Key to Umbria: Orvieto

Palazzo Soliano (1297-1359)

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The Commune began the construction of this palace at the behest of Pope Boniface VIII after he had made peace with Orvieto.  The lower part of its walls seems to be older that the rest of the palace, so it was probably built on the base of an earlier structure.  Some authorities believe that this palace was built on the site of Santa Maria Prisca (the old Duomo), which was demolished in 1297, although this is not generally accepted.

The palace was still in construction when Boniface VIII died in  1303.  The unfinished building was then abandoned until 1321, when the Opera del Duomo acquired it and adapted it for use by workmen who were engaged in building the Duomo.

Soliano seems to mean "south" and is applied also to the south door of the Duomo, to the street that runs along the southern edge of the city, and to the city gate at the end of it.


The palace comprised a large hall on the ground floor and another on the floor above that was lit by a series of trifore windows.  A loggia in front of the east wall of the lower room supported an open terrace that was reached by a monumental external staircase.  This arrangement would have allowed for ceremonial entrances into the upper room (which was probably meant to have housed meetings of the Curia) and for public proclamations to be made from the terrace.

Given its troubled history, it is difficult to say how much of the present structure is original.   It is probably represented in this fresco (1357-64) by Ugolino di Prete Ilario in the Cappella del Corporale of the Duomo, in which Pope Urban IV displays the Sacro Corporale: he is depicted in a loggia that probably formed part of Palazzo Vescovile, which was (and still is) directly behind Palazzo Soliano.  If so, its east and north walls are probably those of the crenellated structure to the right.  The fresco shows only two of the five bays planned for the upper storey, and it is possible that the others had not been built by the time that it was painted.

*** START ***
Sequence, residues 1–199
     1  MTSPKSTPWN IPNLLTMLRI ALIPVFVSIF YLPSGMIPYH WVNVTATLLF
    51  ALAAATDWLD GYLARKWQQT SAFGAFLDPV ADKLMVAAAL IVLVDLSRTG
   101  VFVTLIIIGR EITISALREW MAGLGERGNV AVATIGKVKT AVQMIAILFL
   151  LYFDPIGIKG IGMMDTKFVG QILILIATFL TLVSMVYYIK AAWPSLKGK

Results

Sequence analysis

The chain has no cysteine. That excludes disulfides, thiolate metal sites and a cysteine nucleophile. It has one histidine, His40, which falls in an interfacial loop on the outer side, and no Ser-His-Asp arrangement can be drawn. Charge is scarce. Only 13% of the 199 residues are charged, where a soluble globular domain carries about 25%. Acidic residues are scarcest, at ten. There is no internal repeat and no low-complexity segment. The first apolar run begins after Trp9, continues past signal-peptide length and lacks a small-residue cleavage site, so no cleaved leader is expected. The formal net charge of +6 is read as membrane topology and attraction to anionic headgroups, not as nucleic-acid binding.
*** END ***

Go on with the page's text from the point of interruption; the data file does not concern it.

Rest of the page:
Later History 

The papacy began to take an interest in the palace in the 15th century.  Pope Pius II made a payment for restoration work in 1460, and further work was carried out in 1493, when Pope Alexander VI visited Orvieto and blessed the people from its terrace.  Nevertheless, it remained problematic:

  1. The roof collapsed in 1504 when too many people climbed up on it during carnival. 

  2. There was talk of demolishing the palace in 1534 because it  was unsafe and threatened the adjacent Palazzo Vescovile.

The Commune took over the palace in ca. 1540 and arranged for its partial demolition and rebuilding.  Pope Paul III financed some of this work, carried out by Simone Mosca, and other payments are recorded to Meo di Giacomo Scalza.  The palace passed back to the Opera del Duomo in 1550 and they commissioned further work from Ippolito Scalza in 1564-70.

The palace owes its current appearance to a major restoration carried out in 1887-98 by Paolo Zampi in what he believed to be its original form.  A number of the original trifore windows in the upper room fortunately survived.   Zampi rebuilt the external staircase and added the upper windows and present crenellations (which do not continue along the east wall!!).  

Zampi's restoration was designed to house the nascent Museo dell' Opera del Duomo, as evidenced by the inscription on its west wall.  However, the museum closed in 1989 and the upper room has been awaiting yet another restoration since that time.  (Most of the collection of the Opera del Duomo is now exhibited in the Palazzi Papali).

Palazzo Soliano now houses:

  1. the Museo Emileo Greco on the ground floor; and

  2. number of mostly Roman objects that arranged somewhat haphazardly under its loggia.  

Return to Monuments of Orvieto.

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